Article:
Murray Mallee officer-in-charge Superintendent James Blandford describes domestic violence as a “sickness” perpetuated when no one wanted to know about it.It is one of the most vile and horrific crimes in the region.
All day, every day, local police see adults and children pushed around, choked, locked out of home and abused sexually, emotionally, financially and psychologically.
Murray Mallee officer-in-charge Superintendent James Blandford described domestic violence as a “sickness” perpetuated when no one wanted to know about it.
“It’s terribly ostrich-like to shove your head in the sand and go ‘I don’t know anyone that’s being abused so why should I care’,” he said.
“You need to care because that’s not the society you want to live in, you don’t want to bring children into, and it is so widespread across the whole spectrum of the community.
“The people you’re working with, your friends, are covering up bruises and living a life of a horrible abusive relationship but they’re very, very good at masking it and putting up a facade that everything’s okay.
“From the very minimal type of abuse to the most serious form of abuse, it’s just vile; it’s not normal, it’s not expected, it’s not acceptable, it’s just a horrific crime.”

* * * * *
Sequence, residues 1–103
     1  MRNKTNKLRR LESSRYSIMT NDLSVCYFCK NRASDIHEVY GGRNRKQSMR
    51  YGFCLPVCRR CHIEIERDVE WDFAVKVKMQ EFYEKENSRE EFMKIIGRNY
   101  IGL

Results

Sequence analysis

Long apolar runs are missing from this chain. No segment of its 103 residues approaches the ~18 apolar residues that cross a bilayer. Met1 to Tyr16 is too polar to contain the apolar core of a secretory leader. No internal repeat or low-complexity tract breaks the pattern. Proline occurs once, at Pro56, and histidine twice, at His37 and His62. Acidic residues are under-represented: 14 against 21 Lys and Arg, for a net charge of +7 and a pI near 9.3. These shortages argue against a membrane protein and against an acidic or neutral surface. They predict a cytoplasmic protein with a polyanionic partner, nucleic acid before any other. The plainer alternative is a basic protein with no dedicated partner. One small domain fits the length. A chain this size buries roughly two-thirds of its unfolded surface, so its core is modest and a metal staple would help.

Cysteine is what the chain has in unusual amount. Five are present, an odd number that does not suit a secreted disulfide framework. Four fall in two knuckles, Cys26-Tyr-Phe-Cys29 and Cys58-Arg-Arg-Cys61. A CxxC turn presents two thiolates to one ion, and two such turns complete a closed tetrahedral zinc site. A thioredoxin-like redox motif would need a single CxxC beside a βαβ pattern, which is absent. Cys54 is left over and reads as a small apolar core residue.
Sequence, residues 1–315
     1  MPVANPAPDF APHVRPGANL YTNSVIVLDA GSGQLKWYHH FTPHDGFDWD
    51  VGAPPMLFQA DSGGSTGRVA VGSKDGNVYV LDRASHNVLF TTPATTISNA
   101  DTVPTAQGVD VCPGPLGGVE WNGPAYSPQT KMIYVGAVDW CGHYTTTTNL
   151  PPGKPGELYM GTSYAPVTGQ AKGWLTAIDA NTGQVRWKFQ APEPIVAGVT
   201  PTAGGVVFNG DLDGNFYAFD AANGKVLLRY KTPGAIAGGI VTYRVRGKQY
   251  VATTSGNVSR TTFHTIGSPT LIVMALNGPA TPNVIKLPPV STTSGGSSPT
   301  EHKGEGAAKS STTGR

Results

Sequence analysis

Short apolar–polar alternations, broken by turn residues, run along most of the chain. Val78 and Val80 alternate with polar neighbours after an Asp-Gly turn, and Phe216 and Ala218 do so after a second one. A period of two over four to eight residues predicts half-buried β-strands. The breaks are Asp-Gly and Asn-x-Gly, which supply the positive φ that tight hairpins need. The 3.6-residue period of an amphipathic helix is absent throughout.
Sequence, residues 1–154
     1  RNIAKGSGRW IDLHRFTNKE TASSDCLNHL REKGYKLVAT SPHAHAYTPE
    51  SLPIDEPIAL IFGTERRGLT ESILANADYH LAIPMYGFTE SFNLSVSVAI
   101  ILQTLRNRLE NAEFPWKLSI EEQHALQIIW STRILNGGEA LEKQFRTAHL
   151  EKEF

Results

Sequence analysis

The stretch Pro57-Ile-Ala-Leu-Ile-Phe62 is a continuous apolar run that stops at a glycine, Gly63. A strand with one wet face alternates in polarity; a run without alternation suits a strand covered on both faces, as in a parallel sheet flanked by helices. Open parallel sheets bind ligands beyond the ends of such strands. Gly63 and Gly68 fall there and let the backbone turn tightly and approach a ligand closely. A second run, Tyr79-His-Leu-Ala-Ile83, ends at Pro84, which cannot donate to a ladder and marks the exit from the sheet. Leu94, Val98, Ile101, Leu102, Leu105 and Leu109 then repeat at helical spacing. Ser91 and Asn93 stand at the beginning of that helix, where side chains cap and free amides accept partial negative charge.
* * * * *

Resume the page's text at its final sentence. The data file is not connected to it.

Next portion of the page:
Coorong Mayor Neville Jaensch#homesafehome
Fortunately, the Murraylands community can take a stand against domestic and family violence.
“I hope the community actually just opens their eyes, opens their hearts and their attitudes and starts looking at the signs of people who are in need of support and gives it to them without being judgemental,” Superintendent Blandford said.
As part of the the region’s first domestic violence awareness campaign, Bridge Street in Murray Bridge will become a sea of white on Friday and Saturday as about 600 white balloons are displayed.
Also at schools, students will wear white, hear about the effects of domestic violence and make displays.
All football and netball players will wear white armbands for their matches on Saturday, while supporters are also encouraged to wear white.
The Imperial and Jervois football clubs will hold a minute silence before the league game and release one white balloon for each individual life to lost domestic violence in Australia this year.
River Murray Football League president Mick O’Hara said he was proud to dedicate a round of football to domestic violence awareness.
“We understand that domestic violence is an issue and we as a league want to make a stand to say that we will not accept it in our community and urge everyone to do the same,” he said.
Domestic violence is rife in the Murraylands with the number of reports continuing to increase.
Already this year 52 Australian women have been killed as a result of domestic violence and on average every three hours one woman is hospitalised in Australia.
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